Episode 97- The History of Contraception with Donna Drucker
So, we’re on month 1,083 of this pandemic. If you’re anything like us, you’re looking for something interesting to do while you’re stuck at home. Maybe learn a new language and find a pen pal whose view of Americans has lessened with time? Take up woodworking and build a canoe to paddle yourself away? Knit a huge blanket to hide under until 2020 is over?
That all sounds like a lot of work, so you might be tempted to just find a partner and pass a little time carrying out a bunch of romance novel euphemisms… if you know what we mean. (Who are we kidding? You always know what we mean.) But before you do the horizontal Shuffle Off to Buffalo, take a moment to listen to this week’s interview. It will put you in the mood… to consider reproductive justice, how far we’ve come, and how far we have to go.
In today’s episode, we learned why government attempts to control anyone’s kitty is a no-win situation. Yes, Flash, we realize it’s technically the dog days of summer, but sometimes we need to branch out. And we’d like to say that no one was harmed in the recording of this podcast, but after you hear what author and scholar Donna Drucker has to say about previous contraceptive methods, you’ll wonder how we’ve still managed to have an overpopulated planet by this point.
Seriously, Donna is welcome at any cocktail party we may host in the future times. It would be very hard to top her answers to, “What are some of the forms of contraception used in the past?” Let’s just say thank God there’s a Lysol shortage.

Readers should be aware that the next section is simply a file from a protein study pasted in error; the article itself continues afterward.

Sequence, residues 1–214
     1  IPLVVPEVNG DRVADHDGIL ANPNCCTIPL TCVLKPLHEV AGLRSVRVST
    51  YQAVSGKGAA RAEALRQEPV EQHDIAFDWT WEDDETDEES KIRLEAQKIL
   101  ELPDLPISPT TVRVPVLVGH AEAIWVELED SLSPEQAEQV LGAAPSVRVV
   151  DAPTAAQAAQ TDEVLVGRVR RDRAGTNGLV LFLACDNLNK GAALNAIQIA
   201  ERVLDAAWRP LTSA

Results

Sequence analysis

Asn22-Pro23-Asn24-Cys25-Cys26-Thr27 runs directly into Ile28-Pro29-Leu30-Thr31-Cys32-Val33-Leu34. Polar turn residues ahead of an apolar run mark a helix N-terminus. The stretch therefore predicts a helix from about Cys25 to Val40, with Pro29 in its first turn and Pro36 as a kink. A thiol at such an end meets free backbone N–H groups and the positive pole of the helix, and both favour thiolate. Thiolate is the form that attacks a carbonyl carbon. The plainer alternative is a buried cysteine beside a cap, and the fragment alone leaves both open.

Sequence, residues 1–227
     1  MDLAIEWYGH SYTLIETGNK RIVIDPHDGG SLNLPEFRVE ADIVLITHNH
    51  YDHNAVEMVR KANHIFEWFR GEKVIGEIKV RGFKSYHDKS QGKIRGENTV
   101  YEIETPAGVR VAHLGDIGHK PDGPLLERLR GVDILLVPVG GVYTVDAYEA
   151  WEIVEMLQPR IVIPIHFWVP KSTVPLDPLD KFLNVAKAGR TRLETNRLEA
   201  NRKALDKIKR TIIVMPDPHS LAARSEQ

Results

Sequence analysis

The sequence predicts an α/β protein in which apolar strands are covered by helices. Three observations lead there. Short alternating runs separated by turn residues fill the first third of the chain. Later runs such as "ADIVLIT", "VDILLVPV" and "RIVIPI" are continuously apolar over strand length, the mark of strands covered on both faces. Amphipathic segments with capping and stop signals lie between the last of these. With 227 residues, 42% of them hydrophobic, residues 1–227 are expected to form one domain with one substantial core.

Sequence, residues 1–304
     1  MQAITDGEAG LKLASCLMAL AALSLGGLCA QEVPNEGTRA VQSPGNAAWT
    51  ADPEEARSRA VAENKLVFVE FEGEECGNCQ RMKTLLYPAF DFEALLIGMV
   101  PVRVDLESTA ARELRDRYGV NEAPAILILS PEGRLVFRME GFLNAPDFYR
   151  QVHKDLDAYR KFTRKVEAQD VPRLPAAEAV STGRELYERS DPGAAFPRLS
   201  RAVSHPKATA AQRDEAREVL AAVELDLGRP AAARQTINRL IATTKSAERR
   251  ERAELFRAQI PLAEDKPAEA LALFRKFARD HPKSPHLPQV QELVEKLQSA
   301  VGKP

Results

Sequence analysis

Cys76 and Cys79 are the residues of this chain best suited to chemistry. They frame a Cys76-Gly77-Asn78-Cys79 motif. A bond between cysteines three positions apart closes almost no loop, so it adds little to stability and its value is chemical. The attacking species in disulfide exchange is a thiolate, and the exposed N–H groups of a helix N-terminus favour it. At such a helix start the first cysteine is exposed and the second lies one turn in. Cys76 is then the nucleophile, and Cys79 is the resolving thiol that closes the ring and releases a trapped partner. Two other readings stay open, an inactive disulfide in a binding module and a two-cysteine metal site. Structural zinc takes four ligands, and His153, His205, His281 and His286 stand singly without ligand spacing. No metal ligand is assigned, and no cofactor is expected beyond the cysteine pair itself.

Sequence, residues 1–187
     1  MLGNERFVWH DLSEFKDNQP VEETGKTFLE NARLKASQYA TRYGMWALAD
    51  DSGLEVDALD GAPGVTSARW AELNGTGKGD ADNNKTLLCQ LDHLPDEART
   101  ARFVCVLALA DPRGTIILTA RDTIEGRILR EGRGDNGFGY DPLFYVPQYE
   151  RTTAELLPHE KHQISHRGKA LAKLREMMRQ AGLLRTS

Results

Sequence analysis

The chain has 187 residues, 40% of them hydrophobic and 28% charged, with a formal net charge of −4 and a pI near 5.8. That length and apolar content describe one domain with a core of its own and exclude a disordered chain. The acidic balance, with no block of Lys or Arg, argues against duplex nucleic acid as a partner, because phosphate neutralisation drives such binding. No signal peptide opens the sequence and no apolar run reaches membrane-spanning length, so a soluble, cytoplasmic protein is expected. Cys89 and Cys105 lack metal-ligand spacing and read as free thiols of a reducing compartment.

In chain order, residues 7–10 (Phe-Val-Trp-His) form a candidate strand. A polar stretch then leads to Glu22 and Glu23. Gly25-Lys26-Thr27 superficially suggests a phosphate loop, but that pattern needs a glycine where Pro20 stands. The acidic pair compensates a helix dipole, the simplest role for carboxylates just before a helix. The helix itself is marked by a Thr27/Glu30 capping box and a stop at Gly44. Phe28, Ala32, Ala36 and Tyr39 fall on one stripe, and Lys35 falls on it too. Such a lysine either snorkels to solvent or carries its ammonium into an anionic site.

Donna is an accomplished scholar with a focus on the history of sexuality. While a grad student at IU-Bloomington, she was able to take advantage of all that having the Kinsey Institute on campus had to offer. She even published a book on Kinsey a few years ago. We learned that, despite everything that Kinsey had coded, he really didn’t take contraception into account. So Donna stepped in to research that very topic.
Needless to say, the history of contraception, much like any discussion of regulating reproduction, is not a straightforward study. And it’s not without its wince-worthy moments. Obviously, we want to keep you curious and not give anything away, so here are a few choice words from our interview with Donna: “crocodile dung,” “spermicides,” “eugenics,” “control,” and “the sting means it’s working.”
All of these words require a lot of follow-up questions, and the folks from the MIT Press Essential Knowledge Series agreed. One of their acquisitions editors asked Donna to contribute a book to the series, and the end result is Contraception: A Concise History. In it you’ll learn why Donna starts the book — and the era of modern contraception — in the 1880s; how ideas about contraception reflect the period in history; and what reproductive justice truly means.
Side bar: We wonder what an acquisitions editor from the MIT Press Essential Knowledge Series would ask us to write a book about. How to rank 80s and 90s hair bands? The history of podcast mascots?
If you want to know more about some of the shudder-inducing approaches to contraception or how U.S. ideas of contraception compare to those in other countries, tune in to our interview with Donna. And if you want to learn not only the history of contraception, but also the current state and future of reproductive justice, be sure to link to Donna’s book here. To connect with her and learn even more fascinating facts on the history of contraception and sex, you can find her on Twitter.
And now that you know the facts, maybe it would be a better idea to just put on your sweatpants, order a burrito, and binge-watch Mindhunter. Something to think about.